Jane Galt responds here to my challenge here for someone to justify Bush’s decision to intervene on the employers’ side of the slowdown/lockout on the West Coast docks.

It seems to me (Jane, please correct me if I’m wrong) that her argument amounts to this:

1. Reopening the ports was justified by the cost to the economy, and to the shippers, of the work slowdown.

2. Unions only exist because of the National Labor Relations Act.

3. By giving unions a monopoly on certain forms of labor, the NLRA artificially inflates wages and gives the unions the power to damage businesses by working to rule.

4. That amounts to a regulatory taking of the employers’ property.

5. OSHA adds to that problem because complying strictly with OSHA rules slows down work intolerably.

6. The goal of the ILWU, like that of most unions, is to slow down technological progress to that people “who don’t have the skills and intelligence to get good skilled jobs” can draw “$80-$160K annual salaries.”

7. “Unions are rigid, combative, and fiercely protective of their turf, the exact opposite of what makes our economy so effective.”

8. So the government was right to intervene on the employers’ side of the dispute; all it was doing was righting a balance that its prior actions had disrupted.

9. In any case, the order to work at normal speed can’t be enforced.

There are two relatively minor factual issues to raise about this.

First, “$80-160k salaries” are largely mythical; a rank-and-file dockworker gets $27.68 an hour, and a foreman $37.50. Assuming 50 40-hur workweeks a year, that comes to just under $56k for the dockworkers, and $73k for the foremen. Overtime can add to that, but on the other hand these are hourly-paid jobs, not salaried jobs, and many workers don’t get to work a full workyear. (Max Sawicky gives the numbers, and links to the actual contracts.)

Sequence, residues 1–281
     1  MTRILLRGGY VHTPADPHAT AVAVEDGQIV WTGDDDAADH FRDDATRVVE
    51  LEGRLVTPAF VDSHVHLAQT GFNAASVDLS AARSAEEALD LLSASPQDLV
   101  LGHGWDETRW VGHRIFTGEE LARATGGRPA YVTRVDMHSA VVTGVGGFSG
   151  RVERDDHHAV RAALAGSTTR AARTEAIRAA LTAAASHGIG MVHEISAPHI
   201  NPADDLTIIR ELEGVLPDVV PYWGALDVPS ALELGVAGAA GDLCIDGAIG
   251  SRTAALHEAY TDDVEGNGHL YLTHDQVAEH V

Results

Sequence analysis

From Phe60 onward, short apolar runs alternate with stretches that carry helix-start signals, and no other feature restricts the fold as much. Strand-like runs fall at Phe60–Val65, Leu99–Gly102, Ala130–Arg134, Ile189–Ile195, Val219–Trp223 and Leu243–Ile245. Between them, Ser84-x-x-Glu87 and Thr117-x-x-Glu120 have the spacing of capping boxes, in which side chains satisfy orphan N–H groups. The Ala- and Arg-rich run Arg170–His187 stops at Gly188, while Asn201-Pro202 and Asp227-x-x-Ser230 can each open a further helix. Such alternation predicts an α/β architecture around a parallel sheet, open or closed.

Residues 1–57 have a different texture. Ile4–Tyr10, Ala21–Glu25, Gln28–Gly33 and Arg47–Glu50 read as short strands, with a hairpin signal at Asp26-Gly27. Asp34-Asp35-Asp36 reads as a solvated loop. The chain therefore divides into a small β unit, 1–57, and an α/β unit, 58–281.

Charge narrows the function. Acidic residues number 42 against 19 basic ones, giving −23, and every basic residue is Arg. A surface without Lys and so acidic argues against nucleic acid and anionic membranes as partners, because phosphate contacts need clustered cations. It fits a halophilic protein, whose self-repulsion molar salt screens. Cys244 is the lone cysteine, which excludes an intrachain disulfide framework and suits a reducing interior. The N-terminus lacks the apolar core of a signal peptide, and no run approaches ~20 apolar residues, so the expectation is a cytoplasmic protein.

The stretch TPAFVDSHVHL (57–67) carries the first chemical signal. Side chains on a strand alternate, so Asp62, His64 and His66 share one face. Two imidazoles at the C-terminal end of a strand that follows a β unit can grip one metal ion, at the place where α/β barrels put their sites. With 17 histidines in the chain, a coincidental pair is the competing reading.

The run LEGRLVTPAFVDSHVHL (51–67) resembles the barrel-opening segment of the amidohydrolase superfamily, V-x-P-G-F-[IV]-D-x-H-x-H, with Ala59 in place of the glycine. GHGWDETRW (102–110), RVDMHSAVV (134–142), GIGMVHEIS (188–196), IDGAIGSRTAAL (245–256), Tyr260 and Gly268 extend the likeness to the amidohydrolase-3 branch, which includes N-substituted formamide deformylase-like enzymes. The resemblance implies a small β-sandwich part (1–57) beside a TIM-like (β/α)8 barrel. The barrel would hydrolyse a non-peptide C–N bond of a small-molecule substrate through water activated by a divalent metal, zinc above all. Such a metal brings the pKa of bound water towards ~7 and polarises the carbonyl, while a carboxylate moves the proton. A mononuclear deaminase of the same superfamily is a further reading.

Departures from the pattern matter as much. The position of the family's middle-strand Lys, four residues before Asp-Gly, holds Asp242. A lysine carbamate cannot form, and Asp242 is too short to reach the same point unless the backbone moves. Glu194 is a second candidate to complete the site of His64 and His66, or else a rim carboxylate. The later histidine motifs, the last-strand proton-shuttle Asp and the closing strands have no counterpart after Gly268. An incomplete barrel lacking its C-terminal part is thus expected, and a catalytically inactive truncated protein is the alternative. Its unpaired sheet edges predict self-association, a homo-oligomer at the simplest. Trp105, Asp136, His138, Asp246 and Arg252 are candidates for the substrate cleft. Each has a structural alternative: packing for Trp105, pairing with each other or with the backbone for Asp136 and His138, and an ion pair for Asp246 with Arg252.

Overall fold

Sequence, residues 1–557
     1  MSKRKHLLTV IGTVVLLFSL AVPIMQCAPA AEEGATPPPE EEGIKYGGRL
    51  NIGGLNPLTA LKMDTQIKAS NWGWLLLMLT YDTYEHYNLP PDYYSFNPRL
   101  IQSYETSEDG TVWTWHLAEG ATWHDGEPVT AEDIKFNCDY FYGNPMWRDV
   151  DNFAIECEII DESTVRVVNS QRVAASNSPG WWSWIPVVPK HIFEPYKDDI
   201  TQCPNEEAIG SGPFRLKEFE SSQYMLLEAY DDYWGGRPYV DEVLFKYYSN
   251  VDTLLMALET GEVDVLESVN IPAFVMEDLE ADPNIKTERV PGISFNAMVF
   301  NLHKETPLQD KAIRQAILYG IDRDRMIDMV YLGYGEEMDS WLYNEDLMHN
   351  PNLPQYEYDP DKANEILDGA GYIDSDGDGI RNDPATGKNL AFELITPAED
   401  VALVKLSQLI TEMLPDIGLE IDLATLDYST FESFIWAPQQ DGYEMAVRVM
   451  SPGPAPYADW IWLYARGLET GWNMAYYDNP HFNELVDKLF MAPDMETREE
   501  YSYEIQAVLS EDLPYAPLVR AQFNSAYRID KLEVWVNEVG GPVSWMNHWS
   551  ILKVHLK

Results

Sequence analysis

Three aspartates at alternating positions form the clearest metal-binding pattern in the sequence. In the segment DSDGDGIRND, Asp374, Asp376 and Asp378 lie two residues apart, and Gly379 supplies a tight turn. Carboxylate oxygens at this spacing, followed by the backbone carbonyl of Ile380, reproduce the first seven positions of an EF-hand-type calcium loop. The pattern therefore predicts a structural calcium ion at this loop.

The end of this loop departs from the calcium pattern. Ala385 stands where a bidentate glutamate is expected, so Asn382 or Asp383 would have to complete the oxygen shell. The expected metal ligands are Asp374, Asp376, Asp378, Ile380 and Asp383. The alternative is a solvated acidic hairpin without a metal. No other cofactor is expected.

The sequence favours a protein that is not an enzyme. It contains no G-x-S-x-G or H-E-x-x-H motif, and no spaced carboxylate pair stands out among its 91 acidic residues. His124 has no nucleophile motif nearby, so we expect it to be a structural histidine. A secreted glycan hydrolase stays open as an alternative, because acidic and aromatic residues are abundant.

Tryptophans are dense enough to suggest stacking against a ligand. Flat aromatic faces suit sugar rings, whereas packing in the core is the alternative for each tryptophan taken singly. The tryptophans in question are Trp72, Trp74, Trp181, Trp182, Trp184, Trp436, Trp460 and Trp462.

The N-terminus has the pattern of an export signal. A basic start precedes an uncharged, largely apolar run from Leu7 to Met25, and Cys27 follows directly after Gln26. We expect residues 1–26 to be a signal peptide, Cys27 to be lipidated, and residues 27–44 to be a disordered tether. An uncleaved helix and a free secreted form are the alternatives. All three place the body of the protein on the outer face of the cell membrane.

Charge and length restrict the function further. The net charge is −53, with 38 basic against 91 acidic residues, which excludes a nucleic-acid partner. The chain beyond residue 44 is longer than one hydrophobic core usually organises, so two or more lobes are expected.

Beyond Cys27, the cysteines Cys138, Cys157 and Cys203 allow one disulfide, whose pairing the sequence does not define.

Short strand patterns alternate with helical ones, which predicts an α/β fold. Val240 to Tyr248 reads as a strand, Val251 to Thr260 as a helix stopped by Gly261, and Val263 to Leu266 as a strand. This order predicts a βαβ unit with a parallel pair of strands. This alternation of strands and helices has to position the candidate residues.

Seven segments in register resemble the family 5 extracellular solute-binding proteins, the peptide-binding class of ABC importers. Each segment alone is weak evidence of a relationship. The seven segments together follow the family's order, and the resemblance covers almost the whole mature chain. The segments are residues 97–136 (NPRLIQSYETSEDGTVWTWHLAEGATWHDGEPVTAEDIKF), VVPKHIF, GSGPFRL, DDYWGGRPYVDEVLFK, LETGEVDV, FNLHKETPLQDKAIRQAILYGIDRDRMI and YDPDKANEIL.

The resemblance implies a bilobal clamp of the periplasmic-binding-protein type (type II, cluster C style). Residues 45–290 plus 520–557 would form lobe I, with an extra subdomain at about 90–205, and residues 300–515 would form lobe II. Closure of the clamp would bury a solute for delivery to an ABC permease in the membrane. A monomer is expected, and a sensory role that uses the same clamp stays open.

Second, as Natan Newman explains, no-slowdown orders can be enforced against the union through the court’s contempt powers; the Allied Pilots Association got socked for $45 million for such a violation.

Those two points aside, it seems to me that Jane has given us a clear, honest statement of the case for intervening in this dispute on the employers’ side.

Now an extra-credit problem: Can anyone come up with a justification for what Bush did that doesn’t logically imply repealing the Wagner Act and eliminating unionization entirely?


Jane Galt responds again. I misunderstood her earlier post. She thinks that the government should have stayed out of the stoppage altogether, on the theory that one side or the other would have caved. But given that the government was going to force the docks back open, then she thinks it would have been a taking (morally, if not legally) to make the employers pay full wages for half-assed work.

Fair enough, I suppose, though it assumes that the PMA didn’t start the lockout precisely so as to attract the intervention that in fact took place. But it also means that Jane isn’t really defending what Bush did. Surely there must be some defense. Won’t someone offer it?

Author: Mark Kleiman

Professor of Public Policy at the NYU Marron Institute for Urban Management and editor of the Journal of Drug Policy Analysis. Teaches about the methods of policy analysis about drug abuse control and crime control policy, working out the implications of two principles: that swift and certain sanctions don't have to be severe to be effective, and that well-designed threats usually don't have to be carried out. Books: Drugs and Drug Policy: What Everyone Needs to Know (with Jonathan Caulkins and Angela Hawken) When Brute Force Fails: How to Have Less Crime and Less Punishment (Princeton, 2009; named one of the "books of the year" by The Economist Against Excess: Drug Policy for Results (Basic, 1993) Marijuana: Costs of Abuse, Costs of Control (Greenwood, 1989) UCLA Homepage Curriculum Vitae Contact:

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